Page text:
In addition, current indicators do not allow measuring the real achievement in terms of results. However, this document highlights relevant actions and results that are in line with the outcomes and SDG achievement.

Also, 71% of Output measurements reached their target, and there is a recognition of strong knowledge products and public goods that contribute to public policy in the region. A very high percentage of stakeholders (91.7%) consider that the knowledge and innovations generated informed policy making in their countries. Among this innovation some case studies were identified to highlight issues that can be further investigated across the Regional Programmes: SIGOB, DATACTION (InfoSegura), EWS partnerships, and the Gender cluster transversal work. In terms of the knowledge products, at least those related to the evaluation sample of projects are highly recognized by stakeholders as useful and/or innovative.

In terms of sustainability of the results- perceived as partially sustainable- the main challenge is the changes in governments priorities, but stakeholders agree upon initiatives must be built with the national counterpart, and preferably since the planning and design stages.

Moreover, the RP has contributed to leverage existing CO portfolios in the achievement of planned development results by offering complementary resources and tools, and by highly valued technical assistance. However, the alignment between RP’s actions and national plans is not completely clear; thus, with the information available we cannot confirm that the RP create synergies more than complementarities.

Derived from the pandemic, for the next RP there are two stages to be considered: (1) COVID Shock recovery, and (2) Growth in Post-COVID era. In this context, the support that UNDP must bring to countries and the LAC region is knowledge, research, technical assistance, and interventions with focus on productivity.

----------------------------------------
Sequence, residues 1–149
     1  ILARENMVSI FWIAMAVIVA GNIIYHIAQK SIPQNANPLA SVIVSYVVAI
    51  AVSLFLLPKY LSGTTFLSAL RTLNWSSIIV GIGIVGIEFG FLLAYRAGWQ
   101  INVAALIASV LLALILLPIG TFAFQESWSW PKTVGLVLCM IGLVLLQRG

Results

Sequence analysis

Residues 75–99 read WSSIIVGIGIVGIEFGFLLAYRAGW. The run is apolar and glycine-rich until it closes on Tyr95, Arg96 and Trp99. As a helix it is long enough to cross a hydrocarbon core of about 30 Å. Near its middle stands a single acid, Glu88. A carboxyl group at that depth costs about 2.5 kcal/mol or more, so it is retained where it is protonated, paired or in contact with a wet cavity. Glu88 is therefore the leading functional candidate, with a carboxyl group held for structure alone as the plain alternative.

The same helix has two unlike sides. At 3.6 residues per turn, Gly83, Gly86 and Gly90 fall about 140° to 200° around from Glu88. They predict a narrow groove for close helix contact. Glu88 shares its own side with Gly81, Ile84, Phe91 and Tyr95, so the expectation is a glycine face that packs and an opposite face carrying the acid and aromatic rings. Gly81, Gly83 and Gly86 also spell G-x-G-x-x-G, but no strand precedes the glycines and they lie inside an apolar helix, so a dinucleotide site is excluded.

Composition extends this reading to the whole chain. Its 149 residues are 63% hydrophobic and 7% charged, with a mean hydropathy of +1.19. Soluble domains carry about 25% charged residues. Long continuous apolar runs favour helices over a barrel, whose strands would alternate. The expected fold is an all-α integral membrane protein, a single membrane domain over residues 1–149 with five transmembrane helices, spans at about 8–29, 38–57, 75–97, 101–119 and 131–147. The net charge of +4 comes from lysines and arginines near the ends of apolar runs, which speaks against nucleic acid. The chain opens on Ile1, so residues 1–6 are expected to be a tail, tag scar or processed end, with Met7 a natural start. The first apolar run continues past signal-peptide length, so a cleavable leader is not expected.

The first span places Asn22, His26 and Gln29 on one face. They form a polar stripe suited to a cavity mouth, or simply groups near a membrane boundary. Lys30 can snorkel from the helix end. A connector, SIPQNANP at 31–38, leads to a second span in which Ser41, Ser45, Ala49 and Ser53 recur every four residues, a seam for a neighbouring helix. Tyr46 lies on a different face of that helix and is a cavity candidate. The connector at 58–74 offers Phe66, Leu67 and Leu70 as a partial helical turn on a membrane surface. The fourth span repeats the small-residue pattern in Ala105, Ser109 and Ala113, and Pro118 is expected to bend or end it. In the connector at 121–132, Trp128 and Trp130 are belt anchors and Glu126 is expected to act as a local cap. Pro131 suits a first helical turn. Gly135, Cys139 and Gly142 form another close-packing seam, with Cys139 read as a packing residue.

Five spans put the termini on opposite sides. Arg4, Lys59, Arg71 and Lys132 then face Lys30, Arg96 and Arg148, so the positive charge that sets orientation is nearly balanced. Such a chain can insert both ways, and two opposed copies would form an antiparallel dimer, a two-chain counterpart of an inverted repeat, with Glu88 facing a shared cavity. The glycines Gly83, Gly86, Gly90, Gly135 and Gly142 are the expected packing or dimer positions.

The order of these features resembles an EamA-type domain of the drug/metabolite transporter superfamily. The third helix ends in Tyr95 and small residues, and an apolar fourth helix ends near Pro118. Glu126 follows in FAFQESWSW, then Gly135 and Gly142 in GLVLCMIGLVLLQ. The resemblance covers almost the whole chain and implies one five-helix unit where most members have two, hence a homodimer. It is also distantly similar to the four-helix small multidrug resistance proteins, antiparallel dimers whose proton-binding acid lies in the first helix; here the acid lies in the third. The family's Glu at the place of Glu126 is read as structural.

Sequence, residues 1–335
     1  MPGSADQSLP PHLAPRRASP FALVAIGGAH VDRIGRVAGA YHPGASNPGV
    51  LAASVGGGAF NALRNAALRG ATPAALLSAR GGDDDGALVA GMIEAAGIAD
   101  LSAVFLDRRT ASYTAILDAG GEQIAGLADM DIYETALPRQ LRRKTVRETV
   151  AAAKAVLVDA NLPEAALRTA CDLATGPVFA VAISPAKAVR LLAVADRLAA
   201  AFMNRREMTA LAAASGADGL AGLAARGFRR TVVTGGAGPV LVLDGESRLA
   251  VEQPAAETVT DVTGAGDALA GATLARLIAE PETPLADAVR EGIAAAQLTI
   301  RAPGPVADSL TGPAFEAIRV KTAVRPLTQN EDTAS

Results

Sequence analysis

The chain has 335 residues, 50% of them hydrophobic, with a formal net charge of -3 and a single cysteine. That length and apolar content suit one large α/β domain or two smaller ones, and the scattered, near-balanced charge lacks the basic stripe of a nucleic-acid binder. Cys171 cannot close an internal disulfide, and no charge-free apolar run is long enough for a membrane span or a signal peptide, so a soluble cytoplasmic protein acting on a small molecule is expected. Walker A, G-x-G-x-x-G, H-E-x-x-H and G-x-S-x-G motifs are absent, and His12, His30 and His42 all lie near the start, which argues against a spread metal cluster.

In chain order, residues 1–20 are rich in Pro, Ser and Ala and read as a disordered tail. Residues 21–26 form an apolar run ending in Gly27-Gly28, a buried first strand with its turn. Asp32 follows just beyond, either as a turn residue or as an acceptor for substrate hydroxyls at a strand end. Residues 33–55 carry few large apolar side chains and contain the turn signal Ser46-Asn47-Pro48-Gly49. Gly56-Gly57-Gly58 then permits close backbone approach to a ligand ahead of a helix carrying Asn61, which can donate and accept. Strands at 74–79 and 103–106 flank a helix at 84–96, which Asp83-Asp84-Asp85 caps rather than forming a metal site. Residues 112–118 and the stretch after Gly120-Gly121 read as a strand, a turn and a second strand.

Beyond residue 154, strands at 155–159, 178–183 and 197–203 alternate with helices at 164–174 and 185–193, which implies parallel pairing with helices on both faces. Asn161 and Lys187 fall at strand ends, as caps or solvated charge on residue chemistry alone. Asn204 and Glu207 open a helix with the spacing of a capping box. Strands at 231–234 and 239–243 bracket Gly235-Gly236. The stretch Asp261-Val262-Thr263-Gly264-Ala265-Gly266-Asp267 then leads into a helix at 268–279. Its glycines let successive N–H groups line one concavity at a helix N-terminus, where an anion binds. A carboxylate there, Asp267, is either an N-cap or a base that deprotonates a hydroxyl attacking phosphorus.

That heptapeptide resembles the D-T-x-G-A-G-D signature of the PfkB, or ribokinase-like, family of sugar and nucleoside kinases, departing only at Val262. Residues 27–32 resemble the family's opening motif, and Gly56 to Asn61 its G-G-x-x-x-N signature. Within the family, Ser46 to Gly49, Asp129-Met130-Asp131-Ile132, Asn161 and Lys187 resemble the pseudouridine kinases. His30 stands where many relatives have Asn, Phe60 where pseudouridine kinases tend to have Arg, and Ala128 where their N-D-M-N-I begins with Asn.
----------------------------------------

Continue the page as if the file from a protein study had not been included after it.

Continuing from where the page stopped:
Recommendations
1
  • Recommendation 1: Alignment between the Outcomes and the directorate narrative for the LAC region: Productivity, Inclusion, and Resilience as Outcomes to be achieved by comprehensive activities, tools and solutions related to solid content, strategic partnerships and communications, and impeccable administration.

 

 

 

2
  • Recommendation 2: Use indicators as incentives: Define indicators in terms of what the RP wants to promote (some missing points in the last RP were: south-south cooperation, partnerships, capacity building, production of data). Indicators must enable to tell the story of results achieved.
3
  • Recommendation 3: Include the Strategic Plan indicators in a higher level (as impact), but specific Outcomes’ indicators for the RP must be defined, in order to measure contributions and results. If the contribution of the RP to the Outcome indicators cannot be measured, it is not possible to understand the results achieved by the RP.
4
  • Recommendation 4: Define targets for each indicator since the planning stage, in order to be able to measure achievement. In addition, the majority of indicators must be focused on region, sub-regions or countries, rather than on specific tools.
5
  • Recommendation 5:  Elaborate a more exhaustive target exercise, always using the information from previous exercises (historic indicators, when applicable) to ensure that targets are relevant for the region/country/project; achievable, but yet challenging, and have a baseline defined. For targets definitions it is important to consider that in monitoring and evaluation systems, exceeded targets by 120% or more are a signal for reviewing your planning. In general, targets should be achievable, but also with an objective that drives to growth.
6
  • Recommendation 6: Incorporate more tools and communication mechanisms for non-Spanish speaking actors.
7

Recommendation 7: In terms of growth in post-COVID era, the RP can be a mechanism to put on the table that social protection systems must consider new elements. In general, the elements of LAC's social protection policy focus on structural poverty; and the pandemic showed that they are not emergency ready. Social protection systems were not ready for providing social assistance to households facing transitory shocks and not living in extreme poverty.

The COVID-19 pandemic brought this process to a halt, and abruptly challenged both, the operation, and the design of social protection efforts across LAC. On the one hand, the crisis made it evident that it was not enough to aim at covering the structurally poor as before in a context where large sectors of the population that had advanced into the middle classes, suddenly returned to the ranks of the vulnerable and of those with incomes under what is needed to cover their basic needs.